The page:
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This eBook from the Gutenberg Project consists of approximately 1,984 pages of information about The Mahabharata of Krishna-Dwaipayana Vyasa, Volume 2.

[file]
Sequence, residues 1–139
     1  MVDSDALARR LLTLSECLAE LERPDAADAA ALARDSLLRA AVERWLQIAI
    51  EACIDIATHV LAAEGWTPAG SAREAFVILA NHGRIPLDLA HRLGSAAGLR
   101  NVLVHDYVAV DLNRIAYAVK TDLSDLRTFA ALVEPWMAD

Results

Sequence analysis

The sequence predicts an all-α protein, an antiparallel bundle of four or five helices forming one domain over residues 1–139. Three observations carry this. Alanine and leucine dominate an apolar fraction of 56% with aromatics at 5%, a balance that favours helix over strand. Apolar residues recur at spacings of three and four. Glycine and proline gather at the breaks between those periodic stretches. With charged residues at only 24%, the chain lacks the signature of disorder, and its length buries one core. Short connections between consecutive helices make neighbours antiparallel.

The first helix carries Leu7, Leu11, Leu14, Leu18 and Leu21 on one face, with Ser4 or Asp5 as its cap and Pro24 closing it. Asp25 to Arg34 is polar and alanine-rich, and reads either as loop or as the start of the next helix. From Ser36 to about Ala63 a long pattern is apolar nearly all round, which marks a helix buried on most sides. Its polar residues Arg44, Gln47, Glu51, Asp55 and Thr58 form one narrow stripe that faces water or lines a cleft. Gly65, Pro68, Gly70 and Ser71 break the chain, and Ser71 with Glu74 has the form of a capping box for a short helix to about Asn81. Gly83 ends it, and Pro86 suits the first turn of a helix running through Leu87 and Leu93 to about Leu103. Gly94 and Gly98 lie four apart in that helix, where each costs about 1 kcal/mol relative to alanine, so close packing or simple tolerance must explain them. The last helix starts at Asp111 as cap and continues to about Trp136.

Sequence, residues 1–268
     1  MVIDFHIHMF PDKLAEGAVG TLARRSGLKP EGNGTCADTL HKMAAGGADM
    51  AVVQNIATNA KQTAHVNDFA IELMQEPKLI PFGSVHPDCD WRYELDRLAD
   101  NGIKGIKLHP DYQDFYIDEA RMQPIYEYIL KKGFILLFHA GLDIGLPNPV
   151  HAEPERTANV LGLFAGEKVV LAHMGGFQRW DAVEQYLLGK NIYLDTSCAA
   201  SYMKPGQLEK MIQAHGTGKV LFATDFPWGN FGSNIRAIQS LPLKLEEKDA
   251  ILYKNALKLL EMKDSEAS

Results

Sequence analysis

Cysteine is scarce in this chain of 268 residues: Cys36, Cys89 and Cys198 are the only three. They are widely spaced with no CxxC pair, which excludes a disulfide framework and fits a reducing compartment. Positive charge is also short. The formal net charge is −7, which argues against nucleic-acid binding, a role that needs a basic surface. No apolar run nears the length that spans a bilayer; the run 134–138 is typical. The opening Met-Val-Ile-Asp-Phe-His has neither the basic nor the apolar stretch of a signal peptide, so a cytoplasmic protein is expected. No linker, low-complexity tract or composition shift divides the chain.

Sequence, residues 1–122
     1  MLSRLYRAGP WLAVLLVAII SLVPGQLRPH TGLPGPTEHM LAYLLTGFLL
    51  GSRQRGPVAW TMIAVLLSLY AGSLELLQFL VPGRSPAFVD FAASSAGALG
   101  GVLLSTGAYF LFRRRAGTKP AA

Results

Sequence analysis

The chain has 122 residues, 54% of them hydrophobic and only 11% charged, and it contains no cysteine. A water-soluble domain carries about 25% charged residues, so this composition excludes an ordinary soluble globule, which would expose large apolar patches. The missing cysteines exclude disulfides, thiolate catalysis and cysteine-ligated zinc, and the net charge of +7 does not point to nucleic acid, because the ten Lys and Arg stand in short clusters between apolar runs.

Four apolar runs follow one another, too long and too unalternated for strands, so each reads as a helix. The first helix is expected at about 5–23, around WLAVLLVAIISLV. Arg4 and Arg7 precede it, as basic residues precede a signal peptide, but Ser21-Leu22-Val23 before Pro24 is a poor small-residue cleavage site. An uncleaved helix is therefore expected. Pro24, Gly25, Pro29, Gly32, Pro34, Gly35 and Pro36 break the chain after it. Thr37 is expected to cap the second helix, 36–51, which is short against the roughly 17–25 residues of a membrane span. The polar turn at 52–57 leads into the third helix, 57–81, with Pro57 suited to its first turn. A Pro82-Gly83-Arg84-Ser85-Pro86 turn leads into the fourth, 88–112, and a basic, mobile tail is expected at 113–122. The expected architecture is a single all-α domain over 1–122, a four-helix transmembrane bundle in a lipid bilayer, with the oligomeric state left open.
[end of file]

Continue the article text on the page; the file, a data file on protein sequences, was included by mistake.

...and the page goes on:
Sanjaya said,—­“Seeing the Dhritarashtra divisions arrayed in order of battle, Pandu’s son of virtuous soul, king Yudhishthira the just, addressed Dhananjaya, saying,—­’Men are informed from the words of that great Rishi Vrihaspati that the few must be made to fight by condensing them, while the many may be extended according to pleasure.  In encounters of the few with the many, the array to be formed should be the needle-mouthed one.  Our troops compared with the enemy’s are few.  Keeping in view this precept of the great Rishi, array our troops, O son of Pandu.’  Hearing this, that son of Pandu answered king Yudhishthira the just, saying,—­That immovable array known by the name of Vajra, which was designed by the wielder of the thunder-bolt,—­that invincible array is the one that I will make for thee, O best of kings.  He who is like the bursting tempest, he who is incapable of being borne in battle by the foe, that Bhima the foremost of smiters, will fight at our head.  That foremost of men, conversant with all the appliances of battle, becoming our leader, will fight in the van, crushing the energy of the foe.  That foremost of smiters, viz., Bhima, beholding whom all the hostile warriors headed by Duryodhana will retreat in panic like smaller animals beholding the lion, all of us, our fears dispelled, will seek his shelter as if he were a wall, like the celestial seeking the shelter of Indra.  The man breathes not in the world who would bear to cast his eyes upon that bull among men, Vrikodara of fierce deeds, when he is angry.’—­Having said this, Dhananjaya of mighty arms did as he said.  And Phalguni, quickly disposing his troops in battle-array, proceeded (against the foe).  And the mighty army of the Pandavas beholding the Kuru army move, looked like the full, immovable, and quickly rolling[103] current of Ganga.  And Bhimasena, and Dhrishtadyumna endued with great energy, and Nakula, and Sahadeva, and king Dhrishtaketu, became the leaders of that force.  And king Virata, surrounded by an Akshawhini of troops and accompanied by his brothers and sons, marched in their rear, protecting them from behind.  The two sons of Madri, both endued with great effulgence, became the protectors of Bhima’s wheels; while the (five) sons of Draupadi and the son of Subhadra all endued with great activity, protected (Bhima) from behind.  And that mighty car-warrior, Dhrishtadyumna, the prince of Panchala, with those bravest of combatants and the foremost of car-warriors, viz., the Prabhadrakas, protected those princes from behind.  And behind him was Sikhandin who (in his turn) was protected by Arjuna, and who, O bull of Bharata’s race, advanced with concentrated attention for the destruction of Bhishma.  Behind Arjuna was Yuyudhana of mighty strength; and the two princes of Panchala, viz., Yudhamanyu and Uttamaujas, became protectors of Arjuna’s wheels, along with the Kekaya brothers, and Dhrishtaketu, and Chekitana of great valour—­This Bhimasena,

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